Figure 1 shows the time series of frequency of intense typhoons and normalized PMM, Niño-3.4, and ENSO Modoki indices during JJASON. Correlation coefficients of the PMM, Niño-3.4, and ENSO Modoki indices with frequency of intense typhoons are 0.55, 0.54, and 0.57, respectively. All of them are significant above the 99% confidence level. The significant correlations between two types of ENSO events and frequency of intense typhoons are consistent with previous studies (Camargo and Sobel 2005; Chan 2007; Huang and Xu 2010; Li and Zhou 2012; Tao and Lan 2017; Zhang et al. 2015). However, there is very weak correlation (0.10) between the PMM and Niño-3.4 indices during JJASON (by design, ENSO is linearly removed from data prior to computing the PMM index; Chiang and Vimont 2004). Consistent with Stuecker (2018), the PMM index and ENSO Modoki index are significantly correlated (r = 0.59), \indicating that they may not be strictly independent. However, the PMM and ENSO Modoki have different mature periods and spatial patterns of SST anomaly. Different patterns of SST anomaly have different impacts on the genesis location of TCs (Hong et al. 2018) and might therefore exert different influences on the frequency of intense typhoons.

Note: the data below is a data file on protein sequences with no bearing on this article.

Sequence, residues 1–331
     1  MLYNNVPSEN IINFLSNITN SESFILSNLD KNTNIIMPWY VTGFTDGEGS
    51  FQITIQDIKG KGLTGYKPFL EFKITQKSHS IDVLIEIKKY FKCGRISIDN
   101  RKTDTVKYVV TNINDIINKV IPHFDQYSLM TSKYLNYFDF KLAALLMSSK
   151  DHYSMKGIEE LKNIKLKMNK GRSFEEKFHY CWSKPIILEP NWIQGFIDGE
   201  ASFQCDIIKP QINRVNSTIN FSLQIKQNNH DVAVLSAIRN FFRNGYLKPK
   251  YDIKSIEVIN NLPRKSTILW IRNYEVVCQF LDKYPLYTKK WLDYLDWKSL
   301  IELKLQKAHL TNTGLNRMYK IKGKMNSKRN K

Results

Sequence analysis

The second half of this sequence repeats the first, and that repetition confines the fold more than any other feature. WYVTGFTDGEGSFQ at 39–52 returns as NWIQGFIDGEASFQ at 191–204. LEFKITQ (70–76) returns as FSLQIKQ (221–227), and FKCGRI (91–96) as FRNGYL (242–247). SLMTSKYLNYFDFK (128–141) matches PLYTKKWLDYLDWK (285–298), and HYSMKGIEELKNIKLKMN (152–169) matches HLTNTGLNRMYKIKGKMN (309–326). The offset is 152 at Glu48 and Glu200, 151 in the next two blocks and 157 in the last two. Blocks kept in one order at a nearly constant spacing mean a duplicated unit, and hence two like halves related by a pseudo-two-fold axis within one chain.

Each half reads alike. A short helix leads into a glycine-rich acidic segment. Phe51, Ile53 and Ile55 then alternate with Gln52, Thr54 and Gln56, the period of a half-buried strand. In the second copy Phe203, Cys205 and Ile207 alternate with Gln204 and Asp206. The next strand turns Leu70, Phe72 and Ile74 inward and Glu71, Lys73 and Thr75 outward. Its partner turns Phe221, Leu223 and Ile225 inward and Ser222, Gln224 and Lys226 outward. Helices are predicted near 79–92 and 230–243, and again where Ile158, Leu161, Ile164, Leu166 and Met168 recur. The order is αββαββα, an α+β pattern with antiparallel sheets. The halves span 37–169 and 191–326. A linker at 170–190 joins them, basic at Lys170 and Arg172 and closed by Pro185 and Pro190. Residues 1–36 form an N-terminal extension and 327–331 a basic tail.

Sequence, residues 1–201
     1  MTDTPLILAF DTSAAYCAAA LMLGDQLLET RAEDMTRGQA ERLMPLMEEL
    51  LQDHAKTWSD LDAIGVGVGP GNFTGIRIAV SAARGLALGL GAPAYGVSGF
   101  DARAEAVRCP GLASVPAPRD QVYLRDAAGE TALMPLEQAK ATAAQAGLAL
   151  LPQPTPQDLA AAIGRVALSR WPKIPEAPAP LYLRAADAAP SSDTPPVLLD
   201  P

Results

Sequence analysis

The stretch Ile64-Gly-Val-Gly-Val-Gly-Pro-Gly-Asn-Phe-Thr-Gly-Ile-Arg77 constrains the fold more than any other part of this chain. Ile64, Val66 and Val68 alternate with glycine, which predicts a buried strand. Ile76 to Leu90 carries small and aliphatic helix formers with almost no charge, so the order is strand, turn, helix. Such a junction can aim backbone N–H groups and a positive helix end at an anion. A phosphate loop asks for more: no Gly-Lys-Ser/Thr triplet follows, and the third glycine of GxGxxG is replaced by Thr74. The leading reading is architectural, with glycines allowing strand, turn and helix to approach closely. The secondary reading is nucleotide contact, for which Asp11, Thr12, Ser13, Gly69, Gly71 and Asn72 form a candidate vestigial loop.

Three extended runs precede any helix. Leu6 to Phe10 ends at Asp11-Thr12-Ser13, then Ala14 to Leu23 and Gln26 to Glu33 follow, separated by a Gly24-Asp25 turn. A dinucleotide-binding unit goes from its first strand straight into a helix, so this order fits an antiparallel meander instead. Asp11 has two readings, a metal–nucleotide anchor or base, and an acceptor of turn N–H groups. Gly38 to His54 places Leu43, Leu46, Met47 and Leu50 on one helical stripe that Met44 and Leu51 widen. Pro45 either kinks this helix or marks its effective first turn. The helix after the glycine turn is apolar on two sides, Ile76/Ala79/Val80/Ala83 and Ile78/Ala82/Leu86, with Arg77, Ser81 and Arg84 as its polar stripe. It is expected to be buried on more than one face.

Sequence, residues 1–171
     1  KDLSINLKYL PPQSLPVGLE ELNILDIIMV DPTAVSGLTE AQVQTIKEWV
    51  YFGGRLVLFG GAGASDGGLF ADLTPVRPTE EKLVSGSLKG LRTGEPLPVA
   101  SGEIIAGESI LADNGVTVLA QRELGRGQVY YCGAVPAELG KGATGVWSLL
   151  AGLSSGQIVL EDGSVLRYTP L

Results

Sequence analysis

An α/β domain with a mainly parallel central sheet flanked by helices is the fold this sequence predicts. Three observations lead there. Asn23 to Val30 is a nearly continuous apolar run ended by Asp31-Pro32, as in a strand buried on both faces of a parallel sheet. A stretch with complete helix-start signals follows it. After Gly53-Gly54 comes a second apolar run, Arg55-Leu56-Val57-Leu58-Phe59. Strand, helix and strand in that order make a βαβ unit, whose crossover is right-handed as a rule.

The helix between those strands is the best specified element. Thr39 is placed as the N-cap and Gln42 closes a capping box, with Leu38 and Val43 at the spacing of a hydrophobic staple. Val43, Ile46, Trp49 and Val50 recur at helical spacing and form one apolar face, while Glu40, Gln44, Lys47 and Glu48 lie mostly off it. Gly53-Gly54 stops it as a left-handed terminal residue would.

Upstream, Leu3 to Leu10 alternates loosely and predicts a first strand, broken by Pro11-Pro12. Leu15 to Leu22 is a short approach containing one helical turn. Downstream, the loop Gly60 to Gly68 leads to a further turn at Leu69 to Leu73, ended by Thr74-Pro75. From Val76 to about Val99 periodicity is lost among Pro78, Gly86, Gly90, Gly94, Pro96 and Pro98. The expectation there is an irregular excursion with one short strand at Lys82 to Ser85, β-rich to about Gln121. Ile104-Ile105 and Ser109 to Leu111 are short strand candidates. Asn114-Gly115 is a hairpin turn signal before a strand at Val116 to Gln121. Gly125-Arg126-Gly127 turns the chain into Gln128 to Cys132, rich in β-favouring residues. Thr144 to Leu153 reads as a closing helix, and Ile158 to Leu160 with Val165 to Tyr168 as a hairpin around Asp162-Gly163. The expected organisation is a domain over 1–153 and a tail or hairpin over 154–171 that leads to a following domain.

Fig. 1.
Fig. 1.

Time series of frequency of intense typhoons (red line) and normalized PMM index (black line), ENSO Modoki index (blue line), and Niño-3.4 index (gray bar) during JJASON 1990–2016.

Citation: Journal of Climate 31, 19; 10.1175/JCLI-D-17-0833.1